– [Simone] Absolutely, and in particular in a service based business where, or if you look in the coach and mentoring, speaking, if you are doing work, other work or other people’s businesses or personal life, there is just as much control that you have on that outcome. It doesn’t depend on just follow, if life was so simple that you follow X, Y and Z, and then you got result A, then everyone would be so multi-trillionaires if that was the case. But actually you follow step X, Y and Z and every person that will follow the same exact step, they will have all different results. Depending on where they are in their business, depending on or their life, depending on how much actions they take, depending on the environment, depending on how many people they have in their database, all these different things that they are less, you can control less as a mentor or as a coach. So now, let’s go into this, and now we have explored the doom and gloom. We give the reality check. This is your slap in the face of what you’re in for. But now there is, we see people that are scaling companies, we see people that have fulfilled in having companies that they love working with, working in. We’re not saying not have challenges because that’s the reality of business. You will always have things to face, but you can be in a happy place and you can be happy with the business that you have scaled. So, how do we now scale the business in the right way? What are the things that we need to consider and have in the forefront of our mind?
– Sure, so, cash flow projections is obviously one, just making sure that you’re really planning for what’s the cash coming in. Do you actually have the work or do you, or are you planning for growth? Because a lot of people, and this is where it becomes challenging. It’s a really difficult balance. I think it’s one of the harder ones to master is, do you start building all the operations that you need to plan for growth or do you get the business and then get the operations built behind it? So, that’s always gonna be the battle. And of course, the easy answer is, well, make sure you can plan for growth and make sure you still have a margin. But don’t squeeze out all your margin trying to plan for growth because then one thing happens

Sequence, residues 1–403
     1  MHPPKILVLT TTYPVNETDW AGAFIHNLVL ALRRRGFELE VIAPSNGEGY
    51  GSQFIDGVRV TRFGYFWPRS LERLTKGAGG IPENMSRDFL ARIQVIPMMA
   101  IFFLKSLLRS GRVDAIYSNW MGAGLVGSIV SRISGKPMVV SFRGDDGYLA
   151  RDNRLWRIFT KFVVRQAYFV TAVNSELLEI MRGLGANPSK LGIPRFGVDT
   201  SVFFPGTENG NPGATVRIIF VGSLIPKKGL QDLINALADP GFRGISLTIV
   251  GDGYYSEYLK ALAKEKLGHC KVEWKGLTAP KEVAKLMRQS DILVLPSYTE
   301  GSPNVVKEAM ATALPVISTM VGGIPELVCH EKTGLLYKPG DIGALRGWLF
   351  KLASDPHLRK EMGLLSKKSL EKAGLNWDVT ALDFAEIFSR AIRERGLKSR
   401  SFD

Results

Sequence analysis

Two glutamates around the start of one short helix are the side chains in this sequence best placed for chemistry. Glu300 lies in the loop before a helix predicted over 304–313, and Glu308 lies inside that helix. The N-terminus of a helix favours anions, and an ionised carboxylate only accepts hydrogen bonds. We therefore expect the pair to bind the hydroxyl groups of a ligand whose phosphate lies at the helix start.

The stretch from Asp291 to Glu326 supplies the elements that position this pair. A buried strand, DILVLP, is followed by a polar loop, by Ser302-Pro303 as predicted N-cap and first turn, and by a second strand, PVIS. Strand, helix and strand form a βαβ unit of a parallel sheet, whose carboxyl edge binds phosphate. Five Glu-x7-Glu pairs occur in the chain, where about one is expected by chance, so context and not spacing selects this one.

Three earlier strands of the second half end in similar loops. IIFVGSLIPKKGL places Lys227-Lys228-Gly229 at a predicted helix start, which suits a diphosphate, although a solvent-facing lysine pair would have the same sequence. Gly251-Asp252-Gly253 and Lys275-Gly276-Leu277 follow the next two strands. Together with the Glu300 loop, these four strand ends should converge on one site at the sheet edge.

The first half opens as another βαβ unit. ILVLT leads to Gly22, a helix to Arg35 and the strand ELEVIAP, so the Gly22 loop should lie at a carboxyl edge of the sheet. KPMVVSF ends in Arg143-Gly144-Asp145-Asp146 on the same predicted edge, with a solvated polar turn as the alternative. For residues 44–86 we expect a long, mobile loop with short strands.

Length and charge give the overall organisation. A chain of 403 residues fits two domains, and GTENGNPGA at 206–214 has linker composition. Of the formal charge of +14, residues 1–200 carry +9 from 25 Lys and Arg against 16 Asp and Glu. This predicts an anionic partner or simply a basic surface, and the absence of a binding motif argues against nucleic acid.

– [Simone] You’re done.
– But the number one thing to start scaling is to really look at two different aspects. The first one is, what’s the one customer or the one customer avatar or whatever it is that you actually want to serve and what do you want to do for them? And the thing that you want to do for them which I call customer delivery, product, whatever the service might be, that delivery should be absolutely streamlined and you should be out of it. And it should happen for that one person. And the reason why it’s so important to do something for one person is the nuance of how difficult it is to do the same service for different types of people. So, a lot of agencies, I used to run a agency like we talked about earlier, and the number one thing that I never cared to do was niche down. And the reason was because I wasn’t looking to grow a big asset and I wasn’t looking to grow a big agency. I did it because I wanted to see as many different businesses as I could. But if you’re really looking at what’s the best practise to grow an agency, it’d be to niche down. And I think the fundamental issue that most people have is that they thing niching down means being small. And that is 100% not the case because here’s the thing. One of my buddies, Hayden Power with Power Search Marketing, they do marketing only for chiropractors. So, it’s literally rinse and repeat, same thing, over and over and over again. Chiropractor, chiropractor, chiropractor. And the moment you throw, “Oh, can you do it for a dentist?” It’s like, well, that just throws off all of the operations. It changes the copy. It changes the lander. It changes how you optimise. It changes the offers that you have to get used to. It changes your sales conversation that you need to have with the person. It changes your marketing message. It changes your customer delivery. It literally changes everything. Every single aspect of your business is tied to who do you actually want to serve and why. And so, I would say those few things are probably the easiest ones and then, of course